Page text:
U.S. FTC reportedly probing Facebook’s abuse of personal data as UK summons Zuckerberg for questioning – March 20, 2018
The problem isn’t Cambridge Analytica: It’s Facebook – March 19, 2018
Apple: Privacy is a fundamental right – September 27, 2017


  1. We need good laws on the books to help protect innocent people from predation and espionage like this. It is disconcerting that this can happen. We need solid consumer protection laws against corporate predation.

    To protect people from Facebook, and Google, and Credit Card Companies, and Banks, and every other company out their that makes money harvesting Other People’s Data.

    1. Regulation is currently a dirty word in the playbooks of political conservatives and libertarians. I can’t imagine that changing anytime soon, — unless those very conservatives and libertarians are personally threatened by unregulated forces, like having their lives and fortunes overturned by hackers. Maslov’s Hierarchy of Needs — a simple statement of human priorities — guarantees that. Personal survival is more fundamental than adherence to any group ideology, and when enough believers stop believing and enough followers defect, the ideology gets adjusted to stop the bleeding. There must be a million historical examples of this principle. But each and every elite group, who produce these ideologies only to protect their privileges, delude themselves they they can keep their rackets going, even with adjustments, as long as they live. When people catch on to their tricks, they tend to stop saluting and start throwing ropes over lamp-posts.

    2. George Lakoff of U Cal Berkeley talks about the importance of “framing” in language. Call something a “regulation”, and most people don’t want it …due to the “framing” implications of the word, alone. Call the same thing a “protection”, and most people think favorably of it.

      Look up his advice to Democrats to start paying more attention to how they frame issues if they wish to move their agenda forward, rather than being forever pilloried by antagonists …for being un-American !

      I actually thought about this when I wrote the original post. Seems to work. Just don’t call something a “regulation” if you don’t want to get into a pissing contest with …well, you know who.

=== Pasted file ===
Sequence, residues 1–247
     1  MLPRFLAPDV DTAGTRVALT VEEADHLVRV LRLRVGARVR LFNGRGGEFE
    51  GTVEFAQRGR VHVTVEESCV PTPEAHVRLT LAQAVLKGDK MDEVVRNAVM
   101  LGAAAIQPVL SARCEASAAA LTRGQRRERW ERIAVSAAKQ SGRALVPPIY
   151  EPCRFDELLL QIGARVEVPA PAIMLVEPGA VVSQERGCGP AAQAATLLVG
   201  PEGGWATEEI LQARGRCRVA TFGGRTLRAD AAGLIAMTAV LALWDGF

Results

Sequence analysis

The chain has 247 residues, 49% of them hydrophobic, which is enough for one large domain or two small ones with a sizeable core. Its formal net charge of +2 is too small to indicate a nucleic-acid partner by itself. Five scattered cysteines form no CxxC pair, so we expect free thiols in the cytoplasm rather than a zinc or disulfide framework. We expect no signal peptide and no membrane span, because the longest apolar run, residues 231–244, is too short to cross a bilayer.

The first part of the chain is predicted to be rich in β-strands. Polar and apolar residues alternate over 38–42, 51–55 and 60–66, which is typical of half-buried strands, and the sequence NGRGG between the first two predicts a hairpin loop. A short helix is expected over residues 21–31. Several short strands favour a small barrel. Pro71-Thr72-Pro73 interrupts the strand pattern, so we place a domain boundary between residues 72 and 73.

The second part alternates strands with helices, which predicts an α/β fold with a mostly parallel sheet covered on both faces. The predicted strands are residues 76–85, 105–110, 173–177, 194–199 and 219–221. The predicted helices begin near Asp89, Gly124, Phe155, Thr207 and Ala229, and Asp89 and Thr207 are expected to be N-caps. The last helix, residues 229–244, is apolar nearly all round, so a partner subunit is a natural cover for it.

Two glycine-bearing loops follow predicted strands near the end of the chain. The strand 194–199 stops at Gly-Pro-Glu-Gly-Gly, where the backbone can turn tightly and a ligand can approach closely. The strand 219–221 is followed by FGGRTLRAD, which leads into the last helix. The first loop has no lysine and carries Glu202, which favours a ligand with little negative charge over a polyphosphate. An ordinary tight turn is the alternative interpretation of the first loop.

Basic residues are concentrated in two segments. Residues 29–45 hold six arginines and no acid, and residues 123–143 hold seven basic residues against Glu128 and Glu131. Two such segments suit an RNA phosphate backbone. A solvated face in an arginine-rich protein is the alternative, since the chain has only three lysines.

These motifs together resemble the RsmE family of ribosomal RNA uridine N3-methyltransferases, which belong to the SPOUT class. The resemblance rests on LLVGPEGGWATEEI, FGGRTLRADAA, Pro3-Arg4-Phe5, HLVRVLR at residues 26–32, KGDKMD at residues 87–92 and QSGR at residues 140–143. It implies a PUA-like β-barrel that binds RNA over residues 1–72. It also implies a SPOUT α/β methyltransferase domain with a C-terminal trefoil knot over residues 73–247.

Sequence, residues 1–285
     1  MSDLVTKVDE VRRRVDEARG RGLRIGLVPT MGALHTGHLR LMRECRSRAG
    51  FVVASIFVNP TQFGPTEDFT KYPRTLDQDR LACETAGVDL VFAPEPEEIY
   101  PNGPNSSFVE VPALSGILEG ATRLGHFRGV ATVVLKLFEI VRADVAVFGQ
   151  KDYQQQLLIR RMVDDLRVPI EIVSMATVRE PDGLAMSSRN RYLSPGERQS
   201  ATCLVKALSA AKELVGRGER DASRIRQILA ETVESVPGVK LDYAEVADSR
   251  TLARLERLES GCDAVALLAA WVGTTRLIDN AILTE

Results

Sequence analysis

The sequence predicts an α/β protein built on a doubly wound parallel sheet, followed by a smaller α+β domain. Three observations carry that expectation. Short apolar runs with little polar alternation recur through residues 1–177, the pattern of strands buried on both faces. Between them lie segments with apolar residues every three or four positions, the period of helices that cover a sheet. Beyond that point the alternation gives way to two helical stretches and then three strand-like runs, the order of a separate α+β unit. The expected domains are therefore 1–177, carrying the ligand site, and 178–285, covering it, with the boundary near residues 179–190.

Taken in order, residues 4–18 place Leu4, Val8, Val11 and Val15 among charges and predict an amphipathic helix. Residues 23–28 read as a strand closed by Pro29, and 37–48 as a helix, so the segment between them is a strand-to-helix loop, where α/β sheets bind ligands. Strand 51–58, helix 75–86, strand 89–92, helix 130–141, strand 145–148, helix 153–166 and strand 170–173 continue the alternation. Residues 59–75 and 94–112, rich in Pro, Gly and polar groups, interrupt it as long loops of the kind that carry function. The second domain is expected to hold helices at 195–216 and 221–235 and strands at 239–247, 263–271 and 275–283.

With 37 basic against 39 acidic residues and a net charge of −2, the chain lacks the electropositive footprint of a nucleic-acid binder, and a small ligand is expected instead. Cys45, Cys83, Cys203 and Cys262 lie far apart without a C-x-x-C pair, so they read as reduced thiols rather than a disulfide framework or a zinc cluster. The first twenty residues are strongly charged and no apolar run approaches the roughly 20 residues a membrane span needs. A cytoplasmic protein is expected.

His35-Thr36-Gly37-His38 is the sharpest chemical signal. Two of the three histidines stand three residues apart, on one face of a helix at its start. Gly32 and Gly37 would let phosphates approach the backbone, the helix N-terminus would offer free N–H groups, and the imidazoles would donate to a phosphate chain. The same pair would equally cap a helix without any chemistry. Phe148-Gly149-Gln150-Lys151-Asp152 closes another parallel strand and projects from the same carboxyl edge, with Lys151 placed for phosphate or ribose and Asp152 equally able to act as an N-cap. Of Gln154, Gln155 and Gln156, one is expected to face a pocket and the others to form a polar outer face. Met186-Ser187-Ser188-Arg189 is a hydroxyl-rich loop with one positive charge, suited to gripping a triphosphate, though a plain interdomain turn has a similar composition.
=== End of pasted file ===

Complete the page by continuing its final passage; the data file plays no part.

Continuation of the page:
Let Freedom Ring ! And fair and reasonable protections for all !

  2. It is against the law for the government to use Psyops on the American people. It should also be illegal for third parties to do the same- left, right or center.
    What has been done via Facebook and other social media is nothing other than PsyOps and they did it because it works.

    Here is a quote from the GWU National Security Archive:
    “The U.S. government is legally prohibited from conflating these operations by targeting PSYOP activities–intended for foreign audiences–at the American public. 22 U.S.C. § 1461 (Smith-Mundt Act), which created the United States Information Agency (USIA) in 1948, directs that information about the United States and its policies intended for foreign audiences “shall not be disseminated within the United States, its territories, or possessions.” Amendments to the Smith-Mundt Act in 1972 and 1998 further clarified the legal obligations of the government’s public diplomacy apparatus and several presidential directives, including Reagan’s NSD-77 in 1983, Clinton’s PDD-68 in 1999, and Bush’s NSPD-16 in July 2002 (the latter two still classified), have set up specific structures and procedures, as well as further legal restrictions, regarding U.S. public diplomacy and information operations.”

    That is because PsyOps directed against the American people could impact our elections and the direction of our government. The explicit ban on our Government using such techniques within the US- it is legal to use outside- is for the protection of our democracy.

    1. However, I don’t agree with “…information about the United States and its policies intended for foreign audiences ‘shall not be disseminated within the United States'”.

      This seems to mean to keep Americans ignorant, right?

  3. Scumbag Congressional solution:

    Give commercil spy agencies like Google and FB franchises based on types of content rather than geographical region because physical boundaries are obsolete for corporations, not for individuals however.